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Help and advice for STOKESLEY: Geographical and Historical information from the year 1834.

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STOKESLEY: Geographical and Historical information from the year 1834.

"STOKESLEY, is a neat market town, and township, in the parish of its name, in the western division of Langbaurgh liberty, North Riding, 238 miles from London, 98 n.n.e. from Manchester, 42 n. from York, 16 n. by e. from Northallerton, 9 s.w. from Guisborough, and 8 s.e. from Yarm ; situate near the source of the Tees, and on the northern bank of the river Leven, in the centre of a fruitful tract called Allertonshire, which, at the distance of about five miles from the town, is bounded by the Cleveland hills, forming a vast and majestic amphitheatre. The houses are neatly built in a modern style, and form one spacious street, about half a mile in length from east to west. The trade of this town, which for some years has suffered considerable depression, is likely to be materially improved by the institution of a corn company, by the inhabitants ; the object of which is to secure to those who bring their corn to this town, a certain sale for the article at the market price ; suffering none to remain unsold, and thereby presenting to growers and factors an eligible mart for this indispensable commodity. A line of railroad is about to be constructed, under the title of the "Stokesley and Tees Railway," which will open a communication with the Stockton and Darlington line. The manufactures of this town comprise linens, including damask weaving, together with flax dressing and spinning, and the manufacture of patent thread ; the last named branch is carried on extensively at the works of Mr. Thos. Mease ; affording employment to a considerable number of the industrious working class. Lieutenal - Colonel Hildyard is lord of the manor, and holds a court leet annually, and the magistrates hold petty sessions once a fortnight. Stokesley is one of the stations named in the new Boundary Act (an appendage to the Reform Bill) for receiving votes at the election of members for the North Riding of the county.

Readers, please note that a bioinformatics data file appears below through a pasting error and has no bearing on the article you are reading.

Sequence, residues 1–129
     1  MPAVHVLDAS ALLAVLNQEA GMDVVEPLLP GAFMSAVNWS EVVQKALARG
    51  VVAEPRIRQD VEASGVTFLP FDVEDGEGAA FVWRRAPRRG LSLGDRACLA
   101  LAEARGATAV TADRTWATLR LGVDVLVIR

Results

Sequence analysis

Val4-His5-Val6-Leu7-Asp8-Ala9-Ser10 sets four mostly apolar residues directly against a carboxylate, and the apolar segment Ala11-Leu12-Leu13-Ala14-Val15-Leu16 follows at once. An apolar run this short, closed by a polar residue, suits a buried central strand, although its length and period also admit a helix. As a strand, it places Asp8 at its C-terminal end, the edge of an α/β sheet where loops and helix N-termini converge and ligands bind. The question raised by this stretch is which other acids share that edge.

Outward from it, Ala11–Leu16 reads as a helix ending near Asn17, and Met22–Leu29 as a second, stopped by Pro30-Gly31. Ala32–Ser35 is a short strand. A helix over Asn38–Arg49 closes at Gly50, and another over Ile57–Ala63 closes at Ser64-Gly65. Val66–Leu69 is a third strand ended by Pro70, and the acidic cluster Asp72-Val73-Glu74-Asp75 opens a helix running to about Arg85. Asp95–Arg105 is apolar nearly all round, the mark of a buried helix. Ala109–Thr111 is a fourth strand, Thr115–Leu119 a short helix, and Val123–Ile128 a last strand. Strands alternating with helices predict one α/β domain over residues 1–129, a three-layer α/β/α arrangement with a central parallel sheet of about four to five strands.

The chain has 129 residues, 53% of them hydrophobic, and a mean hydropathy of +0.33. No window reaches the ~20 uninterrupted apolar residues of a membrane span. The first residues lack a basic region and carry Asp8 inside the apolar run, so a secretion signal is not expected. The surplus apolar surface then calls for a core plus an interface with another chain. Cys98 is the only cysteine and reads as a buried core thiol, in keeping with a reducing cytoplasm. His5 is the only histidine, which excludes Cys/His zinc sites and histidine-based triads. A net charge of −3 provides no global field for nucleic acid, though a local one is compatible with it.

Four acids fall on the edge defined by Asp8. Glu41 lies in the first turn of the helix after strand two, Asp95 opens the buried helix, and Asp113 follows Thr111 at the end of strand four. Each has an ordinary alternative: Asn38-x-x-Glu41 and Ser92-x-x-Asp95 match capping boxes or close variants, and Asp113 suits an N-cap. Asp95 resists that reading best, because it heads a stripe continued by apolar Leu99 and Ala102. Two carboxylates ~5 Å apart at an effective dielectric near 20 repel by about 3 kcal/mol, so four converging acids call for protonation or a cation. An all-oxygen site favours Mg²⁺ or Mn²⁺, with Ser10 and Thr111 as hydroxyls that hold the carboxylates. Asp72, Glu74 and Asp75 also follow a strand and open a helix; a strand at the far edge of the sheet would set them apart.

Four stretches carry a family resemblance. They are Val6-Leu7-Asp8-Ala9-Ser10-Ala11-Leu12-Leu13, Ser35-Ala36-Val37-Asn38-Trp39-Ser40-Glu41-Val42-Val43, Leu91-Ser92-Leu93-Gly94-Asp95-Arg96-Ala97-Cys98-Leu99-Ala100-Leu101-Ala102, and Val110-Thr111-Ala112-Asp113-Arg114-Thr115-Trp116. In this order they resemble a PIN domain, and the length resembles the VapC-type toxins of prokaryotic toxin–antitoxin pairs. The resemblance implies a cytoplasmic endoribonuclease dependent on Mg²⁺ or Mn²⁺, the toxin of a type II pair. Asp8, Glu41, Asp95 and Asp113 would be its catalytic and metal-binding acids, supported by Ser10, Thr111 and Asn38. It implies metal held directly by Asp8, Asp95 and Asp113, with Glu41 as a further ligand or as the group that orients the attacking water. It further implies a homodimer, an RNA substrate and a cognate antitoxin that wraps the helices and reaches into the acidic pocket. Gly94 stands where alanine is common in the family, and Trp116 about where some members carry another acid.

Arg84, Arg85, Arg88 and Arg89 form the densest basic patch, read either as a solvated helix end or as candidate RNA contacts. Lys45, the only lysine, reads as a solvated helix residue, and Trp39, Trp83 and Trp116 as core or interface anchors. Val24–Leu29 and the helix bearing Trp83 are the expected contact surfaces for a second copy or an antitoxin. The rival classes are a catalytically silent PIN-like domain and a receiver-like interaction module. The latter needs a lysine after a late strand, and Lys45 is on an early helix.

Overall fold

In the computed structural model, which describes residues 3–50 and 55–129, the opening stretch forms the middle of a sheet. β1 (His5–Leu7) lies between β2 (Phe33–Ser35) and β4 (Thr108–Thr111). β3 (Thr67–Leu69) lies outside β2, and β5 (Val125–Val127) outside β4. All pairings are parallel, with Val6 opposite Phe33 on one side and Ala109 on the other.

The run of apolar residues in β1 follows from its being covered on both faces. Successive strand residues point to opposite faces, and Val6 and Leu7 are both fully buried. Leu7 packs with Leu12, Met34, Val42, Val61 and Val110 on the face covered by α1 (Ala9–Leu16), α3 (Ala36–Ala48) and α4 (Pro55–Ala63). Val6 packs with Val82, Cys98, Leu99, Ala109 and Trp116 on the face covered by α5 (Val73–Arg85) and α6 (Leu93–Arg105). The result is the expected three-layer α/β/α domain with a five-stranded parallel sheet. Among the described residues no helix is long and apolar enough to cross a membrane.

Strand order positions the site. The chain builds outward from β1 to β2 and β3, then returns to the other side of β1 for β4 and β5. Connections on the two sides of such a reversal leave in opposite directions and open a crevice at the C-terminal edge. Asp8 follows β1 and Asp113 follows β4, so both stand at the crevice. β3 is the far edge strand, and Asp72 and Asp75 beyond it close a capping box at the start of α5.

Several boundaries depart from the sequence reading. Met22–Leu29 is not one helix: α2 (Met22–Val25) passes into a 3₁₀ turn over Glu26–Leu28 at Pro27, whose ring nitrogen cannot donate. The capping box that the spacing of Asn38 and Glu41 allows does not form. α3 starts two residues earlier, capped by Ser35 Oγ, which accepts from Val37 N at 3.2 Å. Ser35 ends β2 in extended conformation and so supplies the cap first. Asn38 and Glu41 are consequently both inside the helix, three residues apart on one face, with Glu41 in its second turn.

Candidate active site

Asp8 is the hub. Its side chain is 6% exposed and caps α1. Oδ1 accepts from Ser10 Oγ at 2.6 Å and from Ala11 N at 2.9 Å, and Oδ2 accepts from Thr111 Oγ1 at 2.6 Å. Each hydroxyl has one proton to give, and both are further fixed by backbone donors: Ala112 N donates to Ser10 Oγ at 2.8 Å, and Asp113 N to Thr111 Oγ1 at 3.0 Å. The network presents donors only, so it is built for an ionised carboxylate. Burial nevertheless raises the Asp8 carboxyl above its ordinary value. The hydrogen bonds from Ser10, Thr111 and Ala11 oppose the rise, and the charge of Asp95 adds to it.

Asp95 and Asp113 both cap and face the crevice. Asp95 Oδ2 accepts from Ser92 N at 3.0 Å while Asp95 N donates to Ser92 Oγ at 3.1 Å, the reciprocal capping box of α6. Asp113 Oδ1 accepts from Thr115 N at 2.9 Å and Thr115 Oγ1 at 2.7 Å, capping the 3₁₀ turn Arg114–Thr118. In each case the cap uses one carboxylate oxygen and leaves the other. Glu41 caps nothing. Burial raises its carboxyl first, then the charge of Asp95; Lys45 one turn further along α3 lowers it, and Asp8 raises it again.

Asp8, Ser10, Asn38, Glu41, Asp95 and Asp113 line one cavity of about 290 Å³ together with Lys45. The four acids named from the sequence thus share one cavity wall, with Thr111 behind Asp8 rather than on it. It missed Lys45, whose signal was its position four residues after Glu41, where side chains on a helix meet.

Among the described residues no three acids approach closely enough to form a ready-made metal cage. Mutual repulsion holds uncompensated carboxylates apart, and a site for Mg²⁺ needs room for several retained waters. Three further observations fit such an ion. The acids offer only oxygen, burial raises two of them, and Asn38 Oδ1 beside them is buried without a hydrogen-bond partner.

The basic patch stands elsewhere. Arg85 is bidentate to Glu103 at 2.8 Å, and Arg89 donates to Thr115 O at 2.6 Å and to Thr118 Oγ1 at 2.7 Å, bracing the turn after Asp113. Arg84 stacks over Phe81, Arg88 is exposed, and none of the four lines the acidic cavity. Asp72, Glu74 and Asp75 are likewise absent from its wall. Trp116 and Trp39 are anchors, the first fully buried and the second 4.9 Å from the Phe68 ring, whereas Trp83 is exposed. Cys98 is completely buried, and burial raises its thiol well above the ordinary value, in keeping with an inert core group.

The places of worship are the parish church, dedicated to St. Peter, and chapels for methodists and calvinists. The living of Stokesley is a rectory, in the patronage of the Archbishop of York. A building for a grammar school has been recently erected, under an endowment by the late John Preston, Esq. in which from fourteen to twenty boys will be educated gratuitously : the Rev. Thomas Todd is appointed to the situation of head master. Here are besides a national school for the instruction of children of both sexes, and a dispensary, for the relief of the sick poor. The market is held on Saturday ; and the fairs on the Saturdays before Trinity and Palm Sundays, and on the Saturday after old Lammas day, for horses, horned cattle, &c. The parish contained, by the census for 1821, 2,290 inhabitants, and in 1831, 2,376 of which last number 1,967 were returned for the township."

[Transcribed by Steve Garton ©2000 from
Pigot's directory (Yorkshire section) 1834]